Poor Knights Islands, on the Tutukaka Coast north of Whangarei, are popular for their world-class scuba diving and birdwatching, with a marine reserve around each island to protect the eco-system. Warm currents from Eastern Australia help grow the kelp and krill that attract fish and birds. Below the surface, fish swarm through kelp forests, while above swarms of seabirds rest and nest in the cliffs and sea caves. Dolphins are here almost year-round, and a dolphin cruise offers the memorable experience of watching these amazing creatures play in the boat’s wake. These islands were named in 1769 by Capt. Cook, who discovered them by accident on a journey between Australia and Tahiti.
The Whangarei Art Museum showcases primarily traditional works by local Maori artisans, and there’s a traditional 19th century log house and Maori feather cloaks among the exhibits at the Whangarei Museum. Also visit the Waitangi Treaty Grounds, where the peace treaty between the British and local Maori population was worked out in 1840. The original Maori Meeting House is a marvel of intricately carved beams and wall panels, and there’s a historic 35-foot long canoe (waka in the Maori language), carved out of a single tree just as impressive. The grounds are within a national reserve, with tree-shaded walking paths.
Food and Wine
There are several wine-growing clusters in New Zealand, and most wineries offer tastings and tours, including the vineyards within one hour west of Auckland. The largest area, though, is around Blenheim and Renwick, with more than 50 vineyards, including some of the country’s largest. A well-marked Marlborough Wine Trail is easy to follow by bike or car, or on an organized guided tour. Guests can stay in an elegant lodge surrounded by vineyards, at Vintner’s Retreat.
There’s also a Craft Beer Trail for breweries and pubs around Wellington, which claims to be the country’s craft beer capital. www.craftbeercapital.cm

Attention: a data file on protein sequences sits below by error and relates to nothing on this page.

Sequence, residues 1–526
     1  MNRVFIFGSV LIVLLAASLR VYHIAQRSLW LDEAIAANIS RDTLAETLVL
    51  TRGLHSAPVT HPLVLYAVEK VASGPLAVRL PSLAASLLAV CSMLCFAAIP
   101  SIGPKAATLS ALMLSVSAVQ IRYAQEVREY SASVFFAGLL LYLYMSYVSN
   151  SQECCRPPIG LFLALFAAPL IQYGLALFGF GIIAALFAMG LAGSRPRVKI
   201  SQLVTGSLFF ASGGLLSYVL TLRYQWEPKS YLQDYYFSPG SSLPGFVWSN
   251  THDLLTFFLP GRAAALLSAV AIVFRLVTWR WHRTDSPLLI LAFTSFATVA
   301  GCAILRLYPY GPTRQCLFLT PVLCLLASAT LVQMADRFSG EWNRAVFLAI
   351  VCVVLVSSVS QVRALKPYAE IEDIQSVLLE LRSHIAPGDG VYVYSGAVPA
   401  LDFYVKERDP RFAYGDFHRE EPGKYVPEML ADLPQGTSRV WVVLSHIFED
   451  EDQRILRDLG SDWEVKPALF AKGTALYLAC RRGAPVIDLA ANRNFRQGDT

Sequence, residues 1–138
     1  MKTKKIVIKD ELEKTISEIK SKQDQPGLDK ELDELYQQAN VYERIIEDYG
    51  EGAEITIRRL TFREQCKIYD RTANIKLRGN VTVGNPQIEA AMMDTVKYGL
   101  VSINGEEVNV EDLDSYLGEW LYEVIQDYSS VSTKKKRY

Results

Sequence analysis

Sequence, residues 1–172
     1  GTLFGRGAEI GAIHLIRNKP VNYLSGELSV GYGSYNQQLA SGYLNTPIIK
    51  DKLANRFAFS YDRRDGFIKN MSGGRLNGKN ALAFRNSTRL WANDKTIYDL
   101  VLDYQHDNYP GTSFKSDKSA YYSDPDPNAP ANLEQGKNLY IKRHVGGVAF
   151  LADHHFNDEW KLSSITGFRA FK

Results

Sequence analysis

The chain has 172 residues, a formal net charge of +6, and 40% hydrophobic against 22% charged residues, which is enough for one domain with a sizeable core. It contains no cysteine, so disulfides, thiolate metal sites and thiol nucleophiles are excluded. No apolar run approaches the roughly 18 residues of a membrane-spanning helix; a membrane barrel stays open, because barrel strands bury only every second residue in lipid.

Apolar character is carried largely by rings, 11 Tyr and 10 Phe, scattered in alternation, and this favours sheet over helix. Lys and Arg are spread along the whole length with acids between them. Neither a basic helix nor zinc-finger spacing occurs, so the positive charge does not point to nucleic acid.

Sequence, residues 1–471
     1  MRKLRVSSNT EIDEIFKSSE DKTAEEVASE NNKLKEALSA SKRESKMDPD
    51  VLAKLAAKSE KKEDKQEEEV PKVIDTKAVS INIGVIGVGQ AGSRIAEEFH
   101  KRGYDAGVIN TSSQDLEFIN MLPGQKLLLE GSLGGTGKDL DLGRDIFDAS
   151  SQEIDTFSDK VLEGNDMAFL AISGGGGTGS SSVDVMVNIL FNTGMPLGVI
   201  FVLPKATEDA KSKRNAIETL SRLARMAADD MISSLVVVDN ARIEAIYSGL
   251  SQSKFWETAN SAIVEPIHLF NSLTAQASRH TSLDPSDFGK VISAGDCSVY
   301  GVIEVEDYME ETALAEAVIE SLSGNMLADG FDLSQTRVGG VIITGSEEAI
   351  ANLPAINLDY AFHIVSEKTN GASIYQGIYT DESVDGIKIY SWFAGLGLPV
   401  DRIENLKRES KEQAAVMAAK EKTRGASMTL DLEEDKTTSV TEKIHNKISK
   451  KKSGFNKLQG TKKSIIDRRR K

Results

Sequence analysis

New Zealand is famous for its lamb, served at nearly every restaurant, along with local fish. Much of the best lamb is exported, so look for the seal of the Beef and Lamb Excellence Awards in a restaurant window or on the menu to avoid tougher or less flavorful cuts.
Lord of the Forest
The kauri is the Kiwi sequoia, a monumental tree that can live thousands of years. Much of the forest in the Northland, the northernmost part of the island, was cut down for lumber from the 1870s to 1920s. Among the giant trees that survived is the one revered by the Maoris as Father of the Forest (Te Matua Ngahere in the local language), believed to be the world’s oldest tree, between 2,000 and 3,000 years old.
It is reached by an easy ten-minute walk from the nearest parking area, on a path that includes boardwalks over semi-swamp areas of this tropical forest. Encourage your clients to go with a Maori guide, and experience traditional prayers to Ranginui (the sky father) and Papatuanuku (the earth mother), and their children, the kauri trees, including this one. Our guide was from Footprints (www.footprintswaipoua.co.nz), which specializes in tours of the Waipoua Forest. Another revered tree, nearby, is known as Father of the Forest (Tane Mahuta). Believed to be the world’s largest tree, with a girth of more than 50 feet and more than 150 feet tall, it is also the most famous tree in New Zealand and also revered by the Maori.
Wellington & Auckland
Wellington’s historic downtown district is dotted with buildings from the mid-1800s, or take the cable car up a steep hill for panoramic city views before visiting the Wellington Botanic Gardens and Carter Observatory and the chance to see the night sky through its powerful telescope. Another scenic lookout is from the top of Mt. Victoria. On a clear day, you can see all the way to the South Island. A 30-minute ferry ride takes you to the beaches and parks at Days Bay and Matiu-Somes Island.
There’s also a Mt. Victoria in Auckland, also with a city view from the top. It’s an extinct volcano cone, part of the Two Volcanoes Walk through a part of the city that includes interesting art galleries, cafes and boutiques. There are more than 50 volcanoes around the city, and many have been turned into parks with walking and biking paths and picnic areas.
Skiing & Snowboarding
When the winter sports season ends in North America and Europe, it is beginning here. The best skiing is on the South Island, mid-June to late September or mid-October, depending on conditions. Methven and Mt. Hutt are an hour’s drive from Christchurch, and popular with families for weekend daytrips. Serious skiers and snowboarders head further south, to Queenstown and Wanaka, both with year-round resort towns.
There are four ski/snowboard areas within an hour of Queenstown. The Remarkables has a modern high-speed six-seat main chairlift, and may be named for its remarkable views. Treble Cone is South Island’s largest ski resort, with steep runs down the side of an exctinct volcano. There is also heli-skiing to outer snowfields. The Fighter Pilots Museum in Wanaka, located at the airport, houses well-preserved historic planes and artifacts from New Zealand’s combat role in WWII. www.newzealandski.co.nz